The Idiots (Idioterne)

Idioterne

They’re the ones who poke fun.

The second film to come out of the Dogme ’95 initiative, Idioterne (or, “The Idiots”) is Lars von Trier’s freshman take on what the Dogme Manifesto has to offer. I’ve found von Trier to be a very take-it-as-you-go director; his films are just… there, to be experienced, and they never push anything on you – they want you to find it all for yourself. This mentality lends itself most excellently to the Dogme style of filmmaking, which is all about simply existing without any frills or special gimmicks. The Dogme style, and von Trier’s style of filmmaking, thus compound on each other in Idioterne, making a film that one may certainly call the epitome of the Dogme style, whether that be for the better or for the worse.

Disclaimer: there’s also a bit of sexual content in this one, so heads up.

Don’t expect too much of a stylistic difference between this and Festen; the two films are blood brothers, the way they look and feel and seem. The difference, I noticed, was that while Festen was cohesive and uniform in the way it handled the unique look of the Dogme principle, Idioterne simply used it as an excuse to not bother with things like proper composition or even focus pulling. The film was shot on a handheld camera, and wants you to know it for every second that appears on screen; it’s almost a weirdly Danish spin on Godard and the French New Wave, and I wasn’t too keen on it. I made a big deal in my recent reviews of Godard films about how such things as sloppy camerawork and broken editing and storytelling would be cried foul if it were anybody but the so-called pioneers of the movement, creating a double standard that I refused to take part in. Idioterne’s look and feel is too similar to that which I previously denounced for it to get a free pass from me, I’m sorry to say; while it was much more likable, it was still shoddily done, and I’d be a hypocrite if I didn’t call the film out on it. I’m pretty sure I even heard the director yell out “action” during a scene in the park, in the film itself, which to me is a pretty big no-no.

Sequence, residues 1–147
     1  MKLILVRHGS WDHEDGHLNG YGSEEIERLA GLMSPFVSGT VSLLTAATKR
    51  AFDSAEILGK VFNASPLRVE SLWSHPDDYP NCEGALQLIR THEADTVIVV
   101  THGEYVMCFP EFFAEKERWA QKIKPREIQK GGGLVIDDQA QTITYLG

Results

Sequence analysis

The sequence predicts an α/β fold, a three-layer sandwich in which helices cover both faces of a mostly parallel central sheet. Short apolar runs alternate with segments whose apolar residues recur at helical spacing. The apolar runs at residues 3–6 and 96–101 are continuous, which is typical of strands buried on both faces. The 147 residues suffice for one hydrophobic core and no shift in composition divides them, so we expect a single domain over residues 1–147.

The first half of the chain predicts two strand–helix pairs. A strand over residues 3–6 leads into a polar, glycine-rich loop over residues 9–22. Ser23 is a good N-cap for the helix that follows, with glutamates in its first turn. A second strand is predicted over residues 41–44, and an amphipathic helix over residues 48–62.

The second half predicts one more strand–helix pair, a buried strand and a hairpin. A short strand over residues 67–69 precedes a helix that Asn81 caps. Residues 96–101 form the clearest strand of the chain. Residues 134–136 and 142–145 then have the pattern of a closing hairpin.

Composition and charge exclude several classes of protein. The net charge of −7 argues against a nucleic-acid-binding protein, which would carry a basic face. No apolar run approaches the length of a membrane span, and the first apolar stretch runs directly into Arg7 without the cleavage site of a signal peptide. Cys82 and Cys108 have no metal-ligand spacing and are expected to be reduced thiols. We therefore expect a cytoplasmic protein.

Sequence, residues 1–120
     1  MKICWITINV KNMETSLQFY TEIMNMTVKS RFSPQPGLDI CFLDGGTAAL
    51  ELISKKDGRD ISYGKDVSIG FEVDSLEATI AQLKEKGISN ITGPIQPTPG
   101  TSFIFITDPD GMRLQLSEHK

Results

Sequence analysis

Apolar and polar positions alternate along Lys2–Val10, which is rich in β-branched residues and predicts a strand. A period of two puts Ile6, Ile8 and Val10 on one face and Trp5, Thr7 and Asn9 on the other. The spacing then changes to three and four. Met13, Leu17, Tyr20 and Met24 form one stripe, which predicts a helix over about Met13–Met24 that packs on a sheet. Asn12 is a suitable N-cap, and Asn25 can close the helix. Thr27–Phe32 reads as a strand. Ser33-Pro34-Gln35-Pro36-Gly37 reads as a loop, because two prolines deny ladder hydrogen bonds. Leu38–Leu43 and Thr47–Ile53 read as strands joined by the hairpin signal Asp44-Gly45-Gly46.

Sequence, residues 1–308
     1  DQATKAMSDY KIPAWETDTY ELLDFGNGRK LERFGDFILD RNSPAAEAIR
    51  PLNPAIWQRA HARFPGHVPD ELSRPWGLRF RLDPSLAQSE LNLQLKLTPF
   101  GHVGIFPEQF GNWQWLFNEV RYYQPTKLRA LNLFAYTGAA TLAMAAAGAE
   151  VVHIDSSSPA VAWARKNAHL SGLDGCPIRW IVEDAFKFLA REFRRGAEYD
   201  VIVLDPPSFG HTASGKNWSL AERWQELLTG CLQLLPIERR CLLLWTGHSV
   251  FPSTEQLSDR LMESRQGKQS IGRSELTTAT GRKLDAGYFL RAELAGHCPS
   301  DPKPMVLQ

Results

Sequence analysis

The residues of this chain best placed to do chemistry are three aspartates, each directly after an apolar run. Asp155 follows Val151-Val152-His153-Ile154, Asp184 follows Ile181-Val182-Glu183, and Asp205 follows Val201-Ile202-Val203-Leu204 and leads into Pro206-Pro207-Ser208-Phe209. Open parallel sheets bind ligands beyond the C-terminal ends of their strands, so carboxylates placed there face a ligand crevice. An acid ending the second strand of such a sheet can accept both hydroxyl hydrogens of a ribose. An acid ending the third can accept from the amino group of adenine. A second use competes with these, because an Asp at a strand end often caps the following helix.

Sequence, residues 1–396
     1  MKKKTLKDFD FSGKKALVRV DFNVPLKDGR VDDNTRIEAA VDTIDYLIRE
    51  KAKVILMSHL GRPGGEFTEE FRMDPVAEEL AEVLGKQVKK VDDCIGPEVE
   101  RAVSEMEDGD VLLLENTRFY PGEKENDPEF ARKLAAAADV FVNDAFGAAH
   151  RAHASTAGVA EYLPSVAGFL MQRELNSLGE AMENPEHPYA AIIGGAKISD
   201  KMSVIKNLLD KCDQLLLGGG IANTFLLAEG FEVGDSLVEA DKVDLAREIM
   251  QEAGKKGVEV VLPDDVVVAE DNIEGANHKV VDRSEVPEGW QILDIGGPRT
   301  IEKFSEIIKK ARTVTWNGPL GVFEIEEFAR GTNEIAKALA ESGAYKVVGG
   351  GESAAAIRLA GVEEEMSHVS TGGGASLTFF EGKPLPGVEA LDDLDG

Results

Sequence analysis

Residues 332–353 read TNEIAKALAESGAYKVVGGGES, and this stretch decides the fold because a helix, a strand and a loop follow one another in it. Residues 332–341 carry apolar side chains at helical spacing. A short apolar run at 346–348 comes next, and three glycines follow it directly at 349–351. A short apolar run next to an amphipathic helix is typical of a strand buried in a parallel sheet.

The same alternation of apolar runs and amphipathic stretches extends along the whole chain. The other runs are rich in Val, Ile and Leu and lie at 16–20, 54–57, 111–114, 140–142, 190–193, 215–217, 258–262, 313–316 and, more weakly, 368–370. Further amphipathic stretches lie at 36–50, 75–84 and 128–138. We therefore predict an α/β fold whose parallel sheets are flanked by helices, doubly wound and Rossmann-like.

I’ve taken a while to get to the premise: the film is all about a group of adults who, in a roundabout way of bucking the system, act like mentally disabled people in public for laughs, for insight, but mostly for the hell of it. They make up their own reasons for doing it, but one can still tell they’re making up their own reasons. I explain the premise mostly because the film dives right into it without telling you so much as what you are supposed to be understanding, a personal annoyance for me when it comes to narrative. The storytelling is very disjointed; the film squirts and ambles along, cutting incongruously and oftentimes abruptly, so you never really get a flow or feel for anything going on, and the narrative is pretty much exclusively fly-on-the-wall – the actors are put in scenarios, and they take it from there, with the camera just there to capture what happens. This makes for a story that is increasingly hard to follow; if I hadn’t known the premise beforehand, I almost certainly would’ve been completely lost within the first 15-20 minutes. From there, though, the story does delve into the inter-personal relationships between the self-styled “idiots”, which was helped along by a series of interview-segment vignettes, which I found to be a good decision, at least.

As it usually happens, it’s the films that I dislike more than I like that I end up having more to say about. Now, I didn’t dislike Idioterne; I disliked how it went about telling its story. That, more than anything, is why I gave it the rating I did, but if this style of filmmaking does appeal to you, or to your interest, then Idioterne may be a sleeper favorite for you. It just, sadly, wasn’t for me. There was too little to like and too much to dislike, a ratio that never really did anything to correct itself as the film went along. That, in all, was my biggest problem with Idioterne. Hopefully it won’t be so much of a problem for you.

Arbitrary Rating: 6/10

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